Definitely yes. Tajikistan has not signed the international convention on the Rights of People With Disabilities, and it shows. Very few buildings are disability-friendly.
1. Are local buses, trams, trains or taxis safe and affordable?
Yes. Local taxis are ubiquitous and cheap. Say "20 somoni" (about $2.50) before you get in and that will take you anywhere in town. (You can get down to 15, or 10 if you speak good Tajik or Russian, but it requires haggling.) Marshrutkas (little van-buses) run on fixed routes and cost 2 somoni (about $0.25) -- they are the cheapest option but are often crowded and are reckless drivers. There are group-taxis that run fixed routes up and down Rudaki and Somoni Avenues; they're the cars with large numbers (like "3" and "8") in the windows. They cost 3 somoni each, and they'll pick up and drop off anywhere along their routes.
Security is not an issue though I'd use common sense -- hang on to your purse, etc.
2. What kind of car do you recommend bringing to post, given the terrain, availability of parts, burglary/carjacking risks, etc.? What kind of car do you advise not to bring?
If just want to toodle around Dushanbe, anything will do. If you want to explore the country, you want something sturdy with a four-wheel drive and high clearance.
The local standard of driving is not high, so be alert. Also: if you don't have diplomatic license plates, you will regularly get pulled over by cops looking for a bribe. This has nothing to do with your actual driving... they just randomly flag down cars and demand money. The going rate for a foreigner is 10 somoni (about $2.50). Annoying but it's how things are here. You can call the embassy and make a fuss, or shrug and pay it and drive on -- up to you.
Phone & Internet:
1. Is high-speed home Internet access available? How long does it typically take to install it after arrival?
Internet yes, high speed no. You can use Netflix or iTunes if you're patient -- start your download earlier in the day.
2. Do you have any recommendations regarding mobile phones? Did you keep your home-country plan or use a local provider?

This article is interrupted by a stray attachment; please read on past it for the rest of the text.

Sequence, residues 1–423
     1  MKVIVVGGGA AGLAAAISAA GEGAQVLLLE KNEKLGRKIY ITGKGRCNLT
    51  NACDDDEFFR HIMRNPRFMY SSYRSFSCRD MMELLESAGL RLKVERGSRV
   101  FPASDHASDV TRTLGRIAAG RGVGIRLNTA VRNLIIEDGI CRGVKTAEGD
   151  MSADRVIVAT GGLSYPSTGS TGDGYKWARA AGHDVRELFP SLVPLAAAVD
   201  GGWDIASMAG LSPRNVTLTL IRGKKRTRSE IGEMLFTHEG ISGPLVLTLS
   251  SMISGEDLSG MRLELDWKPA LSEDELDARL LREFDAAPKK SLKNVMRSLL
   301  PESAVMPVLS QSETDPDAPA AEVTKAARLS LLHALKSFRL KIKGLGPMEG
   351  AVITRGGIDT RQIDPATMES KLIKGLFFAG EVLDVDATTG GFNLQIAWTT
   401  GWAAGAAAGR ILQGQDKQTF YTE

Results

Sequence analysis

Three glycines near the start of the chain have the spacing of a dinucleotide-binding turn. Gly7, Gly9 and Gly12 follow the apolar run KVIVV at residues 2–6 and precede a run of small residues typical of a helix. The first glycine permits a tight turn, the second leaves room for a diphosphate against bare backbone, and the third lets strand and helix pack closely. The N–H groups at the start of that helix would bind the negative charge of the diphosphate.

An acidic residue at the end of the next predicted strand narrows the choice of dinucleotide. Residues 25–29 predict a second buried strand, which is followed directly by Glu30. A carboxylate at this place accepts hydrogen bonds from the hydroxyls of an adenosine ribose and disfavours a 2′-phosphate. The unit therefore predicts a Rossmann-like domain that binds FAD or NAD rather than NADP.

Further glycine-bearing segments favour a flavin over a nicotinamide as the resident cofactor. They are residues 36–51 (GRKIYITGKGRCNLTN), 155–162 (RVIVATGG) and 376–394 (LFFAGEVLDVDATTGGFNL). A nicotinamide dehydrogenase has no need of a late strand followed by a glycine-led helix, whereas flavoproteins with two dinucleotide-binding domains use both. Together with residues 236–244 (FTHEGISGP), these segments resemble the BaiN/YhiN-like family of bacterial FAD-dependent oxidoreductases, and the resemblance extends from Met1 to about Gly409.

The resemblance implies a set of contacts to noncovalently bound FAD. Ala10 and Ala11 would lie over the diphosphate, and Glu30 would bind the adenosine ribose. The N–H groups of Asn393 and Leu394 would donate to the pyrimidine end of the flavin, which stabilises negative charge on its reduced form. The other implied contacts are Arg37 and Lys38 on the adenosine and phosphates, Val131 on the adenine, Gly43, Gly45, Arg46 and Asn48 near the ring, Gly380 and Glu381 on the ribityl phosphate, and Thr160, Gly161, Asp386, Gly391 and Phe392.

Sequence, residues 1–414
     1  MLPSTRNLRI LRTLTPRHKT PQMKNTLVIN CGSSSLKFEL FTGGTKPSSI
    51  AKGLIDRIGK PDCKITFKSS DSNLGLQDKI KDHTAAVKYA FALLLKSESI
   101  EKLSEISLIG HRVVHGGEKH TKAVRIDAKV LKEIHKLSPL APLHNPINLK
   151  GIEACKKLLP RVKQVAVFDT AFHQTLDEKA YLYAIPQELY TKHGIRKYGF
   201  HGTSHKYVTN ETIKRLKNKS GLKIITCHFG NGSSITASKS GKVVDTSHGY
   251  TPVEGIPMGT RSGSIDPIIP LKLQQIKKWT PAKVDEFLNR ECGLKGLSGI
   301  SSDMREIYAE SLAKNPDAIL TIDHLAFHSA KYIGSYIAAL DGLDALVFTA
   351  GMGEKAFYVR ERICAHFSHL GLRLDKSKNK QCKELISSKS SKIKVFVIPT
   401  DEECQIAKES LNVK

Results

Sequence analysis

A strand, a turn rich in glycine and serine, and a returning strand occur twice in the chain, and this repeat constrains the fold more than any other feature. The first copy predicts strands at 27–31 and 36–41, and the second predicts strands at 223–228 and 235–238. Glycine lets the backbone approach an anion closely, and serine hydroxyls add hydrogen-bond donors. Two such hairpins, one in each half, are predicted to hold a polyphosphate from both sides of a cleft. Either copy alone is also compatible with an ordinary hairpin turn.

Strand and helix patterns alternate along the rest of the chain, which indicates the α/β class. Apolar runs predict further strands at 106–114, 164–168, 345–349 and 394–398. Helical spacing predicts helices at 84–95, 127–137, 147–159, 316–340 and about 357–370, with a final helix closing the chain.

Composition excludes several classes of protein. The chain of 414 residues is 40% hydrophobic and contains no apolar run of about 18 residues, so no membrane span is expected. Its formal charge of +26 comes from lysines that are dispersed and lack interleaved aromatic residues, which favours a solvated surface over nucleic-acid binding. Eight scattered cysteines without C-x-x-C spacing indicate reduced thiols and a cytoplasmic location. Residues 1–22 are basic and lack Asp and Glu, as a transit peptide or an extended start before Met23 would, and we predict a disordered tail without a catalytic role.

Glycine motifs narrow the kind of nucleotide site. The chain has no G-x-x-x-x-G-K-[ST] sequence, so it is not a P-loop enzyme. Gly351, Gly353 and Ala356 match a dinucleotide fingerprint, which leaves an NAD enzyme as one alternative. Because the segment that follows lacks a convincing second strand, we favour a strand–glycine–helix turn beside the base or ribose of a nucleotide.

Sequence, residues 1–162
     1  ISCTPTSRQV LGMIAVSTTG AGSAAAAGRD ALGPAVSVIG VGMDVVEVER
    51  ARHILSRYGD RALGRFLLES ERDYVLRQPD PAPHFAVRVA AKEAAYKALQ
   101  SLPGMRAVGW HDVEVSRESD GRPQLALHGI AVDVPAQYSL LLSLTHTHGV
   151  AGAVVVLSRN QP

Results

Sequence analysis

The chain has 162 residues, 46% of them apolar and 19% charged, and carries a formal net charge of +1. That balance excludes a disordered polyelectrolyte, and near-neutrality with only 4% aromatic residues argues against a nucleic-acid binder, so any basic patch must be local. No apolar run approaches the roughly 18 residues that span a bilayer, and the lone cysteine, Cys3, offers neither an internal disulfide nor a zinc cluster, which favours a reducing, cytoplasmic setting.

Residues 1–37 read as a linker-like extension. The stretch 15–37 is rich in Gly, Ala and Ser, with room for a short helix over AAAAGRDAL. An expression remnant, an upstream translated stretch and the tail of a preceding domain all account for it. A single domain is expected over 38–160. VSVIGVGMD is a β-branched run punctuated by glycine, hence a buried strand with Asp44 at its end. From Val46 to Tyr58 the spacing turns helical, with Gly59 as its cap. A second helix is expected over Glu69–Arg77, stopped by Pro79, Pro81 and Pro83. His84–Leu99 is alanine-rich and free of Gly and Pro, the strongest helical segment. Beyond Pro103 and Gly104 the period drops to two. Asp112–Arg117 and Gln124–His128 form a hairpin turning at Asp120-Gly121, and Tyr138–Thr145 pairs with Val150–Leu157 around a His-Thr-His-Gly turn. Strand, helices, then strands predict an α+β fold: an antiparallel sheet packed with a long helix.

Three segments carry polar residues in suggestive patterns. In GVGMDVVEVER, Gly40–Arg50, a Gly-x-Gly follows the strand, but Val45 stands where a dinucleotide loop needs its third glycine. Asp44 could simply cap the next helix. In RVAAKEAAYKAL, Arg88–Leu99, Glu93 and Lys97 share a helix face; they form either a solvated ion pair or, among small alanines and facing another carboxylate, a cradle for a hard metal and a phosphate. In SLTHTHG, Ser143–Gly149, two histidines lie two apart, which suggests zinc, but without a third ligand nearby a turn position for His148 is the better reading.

Local mobile phones are okay, not great. I use TCell. Call quality can vary and calls cut off automatically after 30 minutes, but it's not very expensive and gets the job done.
1. Are qualified veterinarians and/or good kennel services available? Do animals need to be quarantined upon entry to the country? Are there other considerations regarding pets that are particular to this country?
I know a lot of expats have arrived and departed with pets (dogs and cats), and there are vets. More than that I can't say, as we're not a pet family.
As in many Muslim countries, dogs are considered "unclean," and keeping them as pets (as opposed to working dogs) is a bit of a Western peculiarity.
Employment & Volunteer Opportunities:
1. What is the typical dress code at work and in public places? Is formal dress ever required?
Business casual. Tajiks are former Soviets so when in doubt, err on the side of suit-and-tie.
Health & Safety:
1. Are there personal security concerns to be aware of at this post? Please describe.
Much less than you might expect. The crime rate is quite low, and expats are almost never the targets of violent crime. It is next to Afghanistan, but the problems don't usually cross the border.
You may occasionally feel an earthquake. Dushanbe sits on solid rock and so is pretty safe -- they've never had a major earthquake here. But there are active zones to the north and south.